Numerous media figures have asserted that the proposed stimulus package supported by President Barack Obama would amount to spending at least $223,000 for every job created, echoing a press release issued by the Republicans on the House Appropriations Committee. But by calculating the per-job cost by dividing the estimated total cost of the stimulus package by the estimated number of jobs created -- and thus suggesting that the sole purpose of that package is to create jobs -- these media figures ignored other tangible benefits stemming from the package, such as infrastructure improvements and education, health, and public safety investments.
David Brooks wrote that Gov. Sarah Palin "made mortal enemies of the two people [Sen. John] McCain has always held up as the carriers of the pork-barrel disease: [Rep. Don] Young [R-AK] and [Sen. Ted] Stevens [R-AK]." Brooks' characterization of Palin and Stevens as "mortal enemies" is undermined by substantial evidence, including a joint Stevens-Palin press conference in July in which Stevens said he has "never known of any animosity between" them and Palin said she had "great respect" for Stevens, as well as Palin's previous service as co-director of a 527 organization bearing Stevens' name.
New York Times columnist David Brooks asserted of Alaska Gov. Sarah Palin: "She's evangelical, but she's pretty progressive on gay and lesbian issues. She's for drilling in ANWR [Arctic National Wildlife Refuge], but she talks about global warming quite a lot." But Palin has reportedly said of global warming, "I'm not one though who would attribute it to being man-made," a position at odds with findings by the United Nations Intergovernmental Panel on Climate Change; she has also reportedly opposed giving spousal benefits to same-sex partners of public employees.
On MSNBC, David Brooks asserted that "less educated" and "downscale" people "look at [Sen. Barack] Obama, and they don't see anything," adding: "And so, Obama's problem is he doesn't seem like the kind of guy who could go into an Applebee's salad bar, and people think he fits in naturally there." Applebee's officials have confirmed to Media Matters that its restaurants do not have salad bars.
On The NewsHour with Jim Lehrer, Mark Shields asserted that Sen. John McCain "emphasized a lot of places of disagreement" with President Bush during his March 26 foreign policy speech, including "the sense of communality and collegiality among nations, reaching to the allies." But neither Shields nor the others in the discussion noted any of the highly critical statements McCain made about U.S. allies who opposed the Iraq war.
The New York Times' David Brooks asserted that Sen. John McCain's March 26 foreign policy speech "was so important because he broke with Bush on several ways" and described one of those ways as, "Should the U.S. go it alone on certain issues? He said no, we are -- we need a strong America, but in the community of nations. And he detailed that." Similarly, The Washington Post's David Broder wrote that McCain "outlin[ed] a vastly different approach from President Bush's" in the speech, in part by offering a "repudiation of unilateralism." Yet neither Brooks nor Broder accounted for any of the statements McCain made during the run-up to the Iraq war about France, Germany, and Belgium, which revealed a very different attitude to U.S. allies.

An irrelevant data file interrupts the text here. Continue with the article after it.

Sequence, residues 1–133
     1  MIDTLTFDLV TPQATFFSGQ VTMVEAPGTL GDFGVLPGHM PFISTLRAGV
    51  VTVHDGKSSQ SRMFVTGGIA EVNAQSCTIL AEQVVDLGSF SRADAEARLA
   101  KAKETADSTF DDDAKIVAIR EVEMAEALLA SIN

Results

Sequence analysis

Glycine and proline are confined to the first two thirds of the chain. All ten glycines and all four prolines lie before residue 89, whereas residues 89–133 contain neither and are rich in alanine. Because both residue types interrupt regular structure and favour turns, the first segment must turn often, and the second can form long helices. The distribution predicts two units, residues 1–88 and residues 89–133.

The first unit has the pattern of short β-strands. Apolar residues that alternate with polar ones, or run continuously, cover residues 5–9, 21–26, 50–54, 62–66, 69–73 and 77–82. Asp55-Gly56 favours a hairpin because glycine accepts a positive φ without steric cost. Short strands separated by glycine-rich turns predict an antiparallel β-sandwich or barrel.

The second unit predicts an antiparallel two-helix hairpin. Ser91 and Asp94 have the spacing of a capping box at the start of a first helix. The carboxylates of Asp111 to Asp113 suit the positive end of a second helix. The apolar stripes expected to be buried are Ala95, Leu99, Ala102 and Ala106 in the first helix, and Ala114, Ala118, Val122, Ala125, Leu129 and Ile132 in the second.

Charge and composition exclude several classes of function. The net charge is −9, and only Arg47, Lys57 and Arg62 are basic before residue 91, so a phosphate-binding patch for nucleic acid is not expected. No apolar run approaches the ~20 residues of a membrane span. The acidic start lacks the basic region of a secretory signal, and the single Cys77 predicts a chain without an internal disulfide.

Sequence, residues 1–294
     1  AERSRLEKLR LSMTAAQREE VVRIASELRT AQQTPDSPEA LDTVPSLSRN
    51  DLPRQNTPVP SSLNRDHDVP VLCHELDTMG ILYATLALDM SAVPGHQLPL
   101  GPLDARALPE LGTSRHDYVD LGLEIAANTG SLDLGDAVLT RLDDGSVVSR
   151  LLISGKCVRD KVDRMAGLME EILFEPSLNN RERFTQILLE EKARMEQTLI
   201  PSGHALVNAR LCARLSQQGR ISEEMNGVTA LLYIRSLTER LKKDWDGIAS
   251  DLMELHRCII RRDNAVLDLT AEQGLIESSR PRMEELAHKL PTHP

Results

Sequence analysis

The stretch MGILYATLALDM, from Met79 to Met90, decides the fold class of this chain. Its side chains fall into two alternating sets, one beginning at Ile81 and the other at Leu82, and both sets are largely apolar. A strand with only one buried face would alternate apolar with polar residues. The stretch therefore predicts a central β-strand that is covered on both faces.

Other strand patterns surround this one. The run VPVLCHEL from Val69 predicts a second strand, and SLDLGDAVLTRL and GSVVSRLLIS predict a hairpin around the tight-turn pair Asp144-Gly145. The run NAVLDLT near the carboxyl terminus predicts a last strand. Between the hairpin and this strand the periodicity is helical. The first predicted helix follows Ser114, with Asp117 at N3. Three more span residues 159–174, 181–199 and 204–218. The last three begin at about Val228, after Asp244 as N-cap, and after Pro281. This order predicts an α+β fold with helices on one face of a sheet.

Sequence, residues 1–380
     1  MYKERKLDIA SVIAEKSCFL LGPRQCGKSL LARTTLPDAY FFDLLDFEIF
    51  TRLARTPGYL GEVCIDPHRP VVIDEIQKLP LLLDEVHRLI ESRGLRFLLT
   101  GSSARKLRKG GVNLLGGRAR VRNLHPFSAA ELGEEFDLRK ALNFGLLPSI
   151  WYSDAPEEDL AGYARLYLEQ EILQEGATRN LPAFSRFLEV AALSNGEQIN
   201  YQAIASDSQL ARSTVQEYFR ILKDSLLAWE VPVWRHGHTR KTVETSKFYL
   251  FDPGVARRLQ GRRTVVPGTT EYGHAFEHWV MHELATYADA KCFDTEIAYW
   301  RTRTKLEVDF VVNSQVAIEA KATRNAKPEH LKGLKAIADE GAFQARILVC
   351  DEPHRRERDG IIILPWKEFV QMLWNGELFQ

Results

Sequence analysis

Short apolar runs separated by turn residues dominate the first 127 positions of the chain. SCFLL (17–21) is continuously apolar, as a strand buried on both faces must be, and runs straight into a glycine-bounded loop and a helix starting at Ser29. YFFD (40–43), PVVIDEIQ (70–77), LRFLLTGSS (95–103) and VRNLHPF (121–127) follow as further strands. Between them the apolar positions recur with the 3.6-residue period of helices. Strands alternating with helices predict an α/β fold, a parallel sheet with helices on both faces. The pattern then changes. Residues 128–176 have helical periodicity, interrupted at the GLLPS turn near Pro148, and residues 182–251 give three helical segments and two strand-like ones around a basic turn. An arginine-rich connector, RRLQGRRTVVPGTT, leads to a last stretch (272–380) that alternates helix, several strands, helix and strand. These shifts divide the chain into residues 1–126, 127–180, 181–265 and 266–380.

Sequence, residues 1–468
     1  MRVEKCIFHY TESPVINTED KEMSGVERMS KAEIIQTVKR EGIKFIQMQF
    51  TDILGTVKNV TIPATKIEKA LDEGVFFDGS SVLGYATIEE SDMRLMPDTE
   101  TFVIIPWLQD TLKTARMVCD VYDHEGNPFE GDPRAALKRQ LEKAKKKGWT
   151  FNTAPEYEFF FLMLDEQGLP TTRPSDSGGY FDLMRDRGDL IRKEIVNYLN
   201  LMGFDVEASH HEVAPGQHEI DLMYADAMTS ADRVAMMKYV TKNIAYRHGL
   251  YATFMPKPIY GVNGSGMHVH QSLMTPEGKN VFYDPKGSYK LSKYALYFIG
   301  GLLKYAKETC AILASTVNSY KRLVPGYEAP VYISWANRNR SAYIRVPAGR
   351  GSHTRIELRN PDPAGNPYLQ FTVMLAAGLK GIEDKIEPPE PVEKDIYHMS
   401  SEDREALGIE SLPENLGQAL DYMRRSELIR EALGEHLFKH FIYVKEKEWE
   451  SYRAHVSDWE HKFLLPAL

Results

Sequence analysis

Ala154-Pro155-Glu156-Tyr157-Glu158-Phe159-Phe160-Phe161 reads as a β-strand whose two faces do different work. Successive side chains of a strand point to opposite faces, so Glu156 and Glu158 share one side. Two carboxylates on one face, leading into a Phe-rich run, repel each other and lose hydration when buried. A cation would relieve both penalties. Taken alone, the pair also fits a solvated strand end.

On Meet the Press, discussing the New York Times article about Sen. John McCain's relationship with a lobbyist, David Brooks said he "do[esn't] really understand the case" involving McCain and the letters he wrote to the Federal Communications Commission about an issue involving Paxson Communications, then suggested that McCain "only wrote two letters" as chairman of the Senate Commerce Committee. But the Times reported that McCain sent a series of letters to the FCC in a separate case, including "an unusually blunt letter to the head of the Federal Communications Commission, warning that he would try to overhaul the agency if it closed a broadcast ownership loophole."
Responding to Chris Matthews' question, "[W]ill Barack Obama's oratorical ability on the lectern in front of big rooms continue to be his winning edge?" The New York Times' David Brooks said: "Yes, but he's got to get away from colleges. Go visit a factory for once." In fact, Obama delivered what his campaign called a "major economic policy address" at a Wisconsin General Motors factory a few days before Brooks made his comment.
In his New York Times column, David Brooks wrote that Sen. John McCain "led the charge against [convicted lobbyist] Jack Abramoff." In fact, as chairman of the Indian Affairs Committee, McCain reportedly steered the Abramoff investigation away from examining any potential wrongdoing by his Republican colleagues. Brooks also asserted that "[w]hile others ignored the spending binge, McCain was among the fiscal hawks." But while McCain originally opposed the 2003 Bush tax cuts on fiscal policy grounds, he subsequently voted to extend them.
Given that conservatives such as Rich Lowry and Tony Blankley have challenged Laura Bush's assertion that the media have failed to cover "a lot of good things that are happening" in Iraq, will the media similarly take on the first lady's baseless -- and at times outright false -- attacks on the media?